There are plenty of categories that should be standard in a household budget. These include mortgage or rent payments, fuel or transportation and utilities. Without a category to keep track of these items someone could be kicked out of their residence, not be able to get anywhere and possibly have their water or electricity turned off. Another item that needs a mandatory place in the budget is groceries. Yet, sometimes this is left out.
For a single person who lives on mac & cheese and Ramen noodles, a grocery category may not be needed, although a medical entry needs to be added in order to pay for the eventual high cholesterol and hypertension medicines. The same can’t be said for a couple or a small family. It’s these situations that a grocery budget is essential. Below are some reasons why it should definitely be considered.
Groceries are expensive. And they get pricier each day, despite news saying costs have dropped. According to the U.S. Department of Agriculture the average monthly amount spent for a family of four ranges from $560 to $1300, with the amount depending on the shopper’s level of thriftiness or liberalness while at the supermarket. Even the lowest average amount is a significant bite out of a middle-income budget. Maintaining an expense category for this helps to moderate the costs.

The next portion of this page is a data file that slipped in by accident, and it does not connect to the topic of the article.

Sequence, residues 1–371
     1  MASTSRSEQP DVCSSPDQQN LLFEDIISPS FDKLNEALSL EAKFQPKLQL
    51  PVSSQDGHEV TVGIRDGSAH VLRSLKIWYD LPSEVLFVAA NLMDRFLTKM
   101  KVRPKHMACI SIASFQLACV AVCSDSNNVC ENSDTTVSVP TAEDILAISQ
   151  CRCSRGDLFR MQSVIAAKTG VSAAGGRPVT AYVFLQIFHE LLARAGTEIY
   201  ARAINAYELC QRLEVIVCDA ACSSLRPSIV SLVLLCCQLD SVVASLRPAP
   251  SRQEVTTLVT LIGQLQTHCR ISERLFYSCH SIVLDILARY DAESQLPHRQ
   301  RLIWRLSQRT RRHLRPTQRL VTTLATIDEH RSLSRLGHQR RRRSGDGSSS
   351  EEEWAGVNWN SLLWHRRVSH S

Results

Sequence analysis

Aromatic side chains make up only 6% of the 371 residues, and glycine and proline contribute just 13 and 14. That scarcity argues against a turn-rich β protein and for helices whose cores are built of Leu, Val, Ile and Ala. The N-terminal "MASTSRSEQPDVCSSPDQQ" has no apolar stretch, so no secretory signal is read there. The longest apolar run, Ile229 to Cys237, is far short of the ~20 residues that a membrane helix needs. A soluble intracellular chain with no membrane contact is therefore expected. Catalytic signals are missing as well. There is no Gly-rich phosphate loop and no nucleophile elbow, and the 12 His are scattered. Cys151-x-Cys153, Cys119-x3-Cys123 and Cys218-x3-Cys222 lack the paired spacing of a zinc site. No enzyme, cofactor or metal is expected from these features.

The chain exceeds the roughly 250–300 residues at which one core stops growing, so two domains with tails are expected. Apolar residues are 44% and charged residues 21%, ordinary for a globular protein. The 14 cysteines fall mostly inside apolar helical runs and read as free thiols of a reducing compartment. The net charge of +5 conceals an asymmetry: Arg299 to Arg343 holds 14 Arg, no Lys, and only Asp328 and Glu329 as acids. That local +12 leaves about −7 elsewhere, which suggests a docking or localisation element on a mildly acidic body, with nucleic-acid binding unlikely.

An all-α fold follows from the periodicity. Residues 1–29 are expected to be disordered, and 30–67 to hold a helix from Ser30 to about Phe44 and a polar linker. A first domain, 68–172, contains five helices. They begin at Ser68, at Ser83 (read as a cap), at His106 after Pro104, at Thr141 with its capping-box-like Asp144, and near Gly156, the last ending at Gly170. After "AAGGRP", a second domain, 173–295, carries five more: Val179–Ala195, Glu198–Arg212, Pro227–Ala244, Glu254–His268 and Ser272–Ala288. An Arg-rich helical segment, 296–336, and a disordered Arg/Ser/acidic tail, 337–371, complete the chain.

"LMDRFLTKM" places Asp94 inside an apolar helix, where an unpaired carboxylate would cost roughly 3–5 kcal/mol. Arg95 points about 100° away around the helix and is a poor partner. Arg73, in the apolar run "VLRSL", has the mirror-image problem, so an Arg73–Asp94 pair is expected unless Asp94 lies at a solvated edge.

Meal planning. How can someone plan a week’s worth of meals without knowing how much money is available to do so? What about planning a party or other special occasion where food is the main component? You can’t do much of either without a budget category. Well, you could, but it could be slim pickings for family members and guests. Setting up a food budget allows to accommodate for special events and meals.
Going local, or organic, or clean. Let’s say you want to change your family’s diet from one of processed foods to one where they eat clean and organic products with no GMOs and few ingredients. Take a trip to Whole Foods or the local natural foods store and you’ll see that prices are much higher than what you’d find at the local chain supermarket. Want to take it one step further and only eat items locally grown and raised? Well, that’s going to cost even more as you focus purchases at farmers’ markets and other nearby locations.
There’s a good chance you could spend close to the maximum average should you decide to switch to this form of diet, and this means you’re going to have to find the necessary funds. This won’t happen without a budget category. In fact, you may end up taking money allocated to other categories to pay for the eating change. By preparing ahead of time and placing money in a grocery category you can switch to clean eating without cleaning out the bank.